Illegal immigrants have always had a friend in Thomas Perez, President Obama’s nominee for labor secretary.
As a member of the Montgomery County council in Maryland, he advocated for day-laborer sites and pushed for IDs distributed by Mexico and Guatemala to count as proof of identity, even though allowing such IDs could give illegal immigrants easier access to government-funded services.
In 2004, Perez went before the Maryland state legislature to testify against several immigration-enforcement bills, including one that would codify the state’s practice of blocking undocumented workers from acquiring driver’s licenses, and another that would require people to prove their citizenship before registering to vote, according to the Washington Post. He also opposed efforts to study how illegal immigrants are a burden on the state budget.
And even when the public debate heated up, Perez stood his ground. “I think Gaithersburg is fundamentally a progressive community just like the rest of the county,” Perez said, according to the Post. “I’m confident in the end the question will be where to locate it, not whether to locate it.”
Chuck Floyd, a Republican involved in opposing the site, says attempts were made to discuss screening the day laborers’ legal status, but Perez wanted none of it. “We’ve talked to him and others about this on numerous occasions,” Floyd says. “They listened with deaf ears.” Brad Botwin, executive director of Help Save Maryland, was also involved in the opposition to the site; speaking of Perez, he says, “He was not interested in listening to us.” Perez “wasn’t very approachable,” he adds, “and he’s extremely argumentative.”
The Minutemen, a group dedicated to preventing illegal immigration, became involved, reportedly going to day-laborer sites and snapping photos of the laborers and those who sought to hire them, according to the Post. In turn, CASA de Maryland executive director Gustavo Torres said that “if they [the Minutemen] keep harassing our community, we are going to demonstrate in front of their houses and in front of their workplaces to let the neighborhood know how anti-immigrant they are,” the Post reported. “It’s going to be a shame for their family.”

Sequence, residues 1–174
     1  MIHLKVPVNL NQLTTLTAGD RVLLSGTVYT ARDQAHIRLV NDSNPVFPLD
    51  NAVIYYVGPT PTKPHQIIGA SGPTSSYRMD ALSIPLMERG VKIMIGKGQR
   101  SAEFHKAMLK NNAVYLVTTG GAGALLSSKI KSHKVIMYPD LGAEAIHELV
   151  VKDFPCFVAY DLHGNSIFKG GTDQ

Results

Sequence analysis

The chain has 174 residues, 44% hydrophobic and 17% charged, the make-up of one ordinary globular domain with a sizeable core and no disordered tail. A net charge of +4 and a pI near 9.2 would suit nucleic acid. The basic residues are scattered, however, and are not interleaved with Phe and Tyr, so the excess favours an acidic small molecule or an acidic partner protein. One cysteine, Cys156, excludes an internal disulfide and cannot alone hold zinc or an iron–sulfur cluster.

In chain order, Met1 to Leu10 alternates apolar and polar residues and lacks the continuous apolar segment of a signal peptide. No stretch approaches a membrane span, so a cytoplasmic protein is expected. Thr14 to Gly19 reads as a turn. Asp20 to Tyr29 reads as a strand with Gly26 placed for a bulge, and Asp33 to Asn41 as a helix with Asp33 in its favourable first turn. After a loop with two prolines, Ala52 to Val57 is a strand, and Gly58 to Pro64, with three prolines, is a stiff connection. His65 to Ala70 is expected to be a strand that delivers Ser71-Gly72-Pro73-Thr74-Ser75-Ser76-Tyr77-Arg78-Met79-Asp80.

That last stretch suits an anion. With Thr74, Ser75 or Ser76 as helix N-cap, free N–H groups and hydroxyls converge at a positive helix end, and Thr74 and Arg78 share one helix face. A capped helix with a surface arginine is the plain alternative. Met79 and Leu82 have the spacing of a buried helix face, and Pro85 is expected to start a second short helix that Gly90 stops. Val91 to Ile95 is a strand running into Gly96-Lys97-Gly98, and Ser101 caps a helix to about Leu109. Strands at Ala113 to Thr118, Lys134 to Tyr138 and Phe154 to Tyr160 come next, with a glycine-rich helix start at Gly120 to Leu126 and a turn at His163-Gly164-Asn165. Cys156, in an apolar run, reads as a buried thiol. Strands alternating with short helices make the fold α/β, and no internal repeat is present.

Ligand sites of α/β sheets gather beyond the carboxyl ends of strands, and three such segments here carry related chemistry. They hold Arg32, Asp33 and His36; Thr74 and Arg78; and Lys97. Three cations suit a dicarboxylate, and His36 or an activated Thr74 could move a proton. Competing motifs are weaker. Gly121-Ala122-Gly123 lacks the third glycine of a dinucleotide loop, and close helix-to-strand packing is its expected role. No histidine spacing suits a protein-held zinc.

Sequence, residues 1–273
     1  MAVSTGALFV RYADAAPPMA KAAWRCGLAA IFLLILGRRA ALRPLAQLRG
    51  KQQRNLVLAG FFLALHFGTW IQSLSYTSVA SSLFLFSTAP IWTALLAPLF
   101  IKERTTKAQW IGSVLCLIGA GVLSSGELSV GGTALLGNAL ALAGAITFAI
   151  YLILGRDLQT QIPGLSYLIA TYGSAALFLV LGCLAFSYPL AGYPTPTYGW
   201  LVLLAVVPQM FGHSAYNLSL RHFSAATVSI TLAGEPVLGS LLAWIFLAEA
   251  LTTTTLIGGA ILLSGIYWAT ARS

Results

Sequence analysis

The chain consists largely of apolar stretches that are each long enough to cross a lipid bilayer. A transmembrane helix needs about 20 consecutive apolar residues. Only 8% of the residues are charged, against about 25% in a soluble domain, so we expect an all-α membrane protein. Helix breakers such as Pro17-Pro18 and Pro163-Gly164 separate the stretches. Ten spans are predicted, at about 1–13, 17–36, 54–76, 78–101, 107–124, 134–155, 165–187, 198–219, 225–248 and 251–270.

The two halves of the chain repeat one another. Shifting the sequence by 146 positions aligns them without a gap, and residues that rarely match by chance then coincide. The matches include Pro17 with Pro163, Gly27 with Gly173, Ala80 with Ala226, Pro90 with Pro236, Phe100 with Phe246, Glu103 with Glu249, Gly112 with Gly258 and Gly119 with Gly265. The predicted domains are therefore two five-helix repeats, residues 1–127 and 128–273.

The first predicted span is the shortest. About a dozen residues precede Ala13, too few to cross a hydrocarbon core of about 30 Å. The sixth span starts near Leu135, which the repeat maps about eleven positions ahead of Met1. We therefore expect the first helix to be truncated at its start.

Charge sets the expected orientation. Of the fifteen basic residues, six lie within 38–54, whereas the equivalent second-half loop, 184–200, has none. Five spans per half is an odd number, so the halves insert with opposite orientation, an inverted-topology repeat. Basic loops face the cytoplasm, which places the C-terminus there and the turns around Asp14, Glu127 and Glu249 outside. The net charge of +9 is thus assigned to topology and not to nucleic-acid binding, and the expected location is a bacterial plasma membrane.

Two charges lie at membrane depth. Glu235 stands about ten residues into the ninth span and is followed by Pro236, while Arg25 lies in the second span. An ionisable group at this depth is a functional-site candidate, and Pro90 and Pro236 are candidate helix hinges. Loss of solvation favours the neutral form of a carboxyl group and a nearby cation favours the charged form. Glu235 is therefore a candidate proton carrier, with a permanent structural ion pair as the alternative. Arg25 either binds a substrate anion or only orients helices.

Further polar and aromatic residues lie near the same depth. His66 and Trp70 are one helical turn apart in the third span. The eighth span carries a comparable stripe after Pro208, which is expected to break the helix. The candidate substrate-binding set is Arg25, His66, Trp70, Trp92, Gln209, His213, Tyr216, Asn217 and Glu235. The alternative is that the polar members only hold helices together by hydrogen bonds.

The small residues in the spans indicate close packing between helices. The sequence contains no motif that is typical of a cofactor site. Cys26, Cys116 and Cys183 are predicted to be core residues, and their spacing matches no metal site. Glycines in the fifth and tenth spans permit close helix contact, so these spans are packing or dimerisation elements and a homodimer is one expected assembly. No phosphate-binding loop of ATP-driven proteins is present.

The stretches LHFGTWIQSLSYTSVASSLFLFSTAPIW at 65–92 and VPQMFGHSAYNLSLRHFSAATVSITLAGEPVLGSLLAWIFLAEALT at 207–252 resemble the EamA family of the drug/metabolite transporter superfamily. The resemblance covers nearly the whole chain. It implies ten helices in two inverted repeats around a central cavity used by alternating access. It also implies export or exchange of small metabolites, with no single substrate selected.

Torres later apologized for those comments, but Perez’s critics says the president’s nominee is part of a larger left-leaning movement in Maryland that includes Torres’s organization. Their aim is to push back against critics of immigration reform and open up the state for illegal immigrants.
Perez, too, had no use for the Minutemen. “The good news is that these Minutemen are yet another in the long line of radical fringe groups that will die of their own weight in Montgomery County because they don’t speak for Montgomery County,” the Post quoted Perez as saying.“They ought to get on the Red Line, get off at Union Station, walk to Capitol Hill, and engage in a dialogue about immigration reform. Their beef is with people in Congress.”
Perez’s campaign for the acceptance of matricula consular IDs, special IDs provided by Mexico and Guatemala, was another contentious episode. In 2003 he sponsored a county bill aimed at giving immigrants access to banks, but it would have had wider application, making “consular cards identification enough for holders to receive county services,” the Maryland Daily Record reported.
This long history of advocacy for illegal immigrants has caught the interest of Republicans, who are planning to bring up these stories during the confirmation process. Senator Jeff Sessions (R., Ala.), for example, blasted Perez in a statement on Monday, saying Perez’s positions on illegal immigration are “far outside the mainstream.”
Perez has yet to become the kind of Republican target that previous Obama nominees have been, but GOP operatives say the president’s labor pick could be in trouble. “The top priority of the secretary of labor should be to create jobs and higher wages for American workers,” Sessions said. “But Mr. Perez has aggressively sought ways to allow the hiring of more illegal workers.”
His record in Montgomery County shows it.
— Katrina Trinko is an NRO reporter.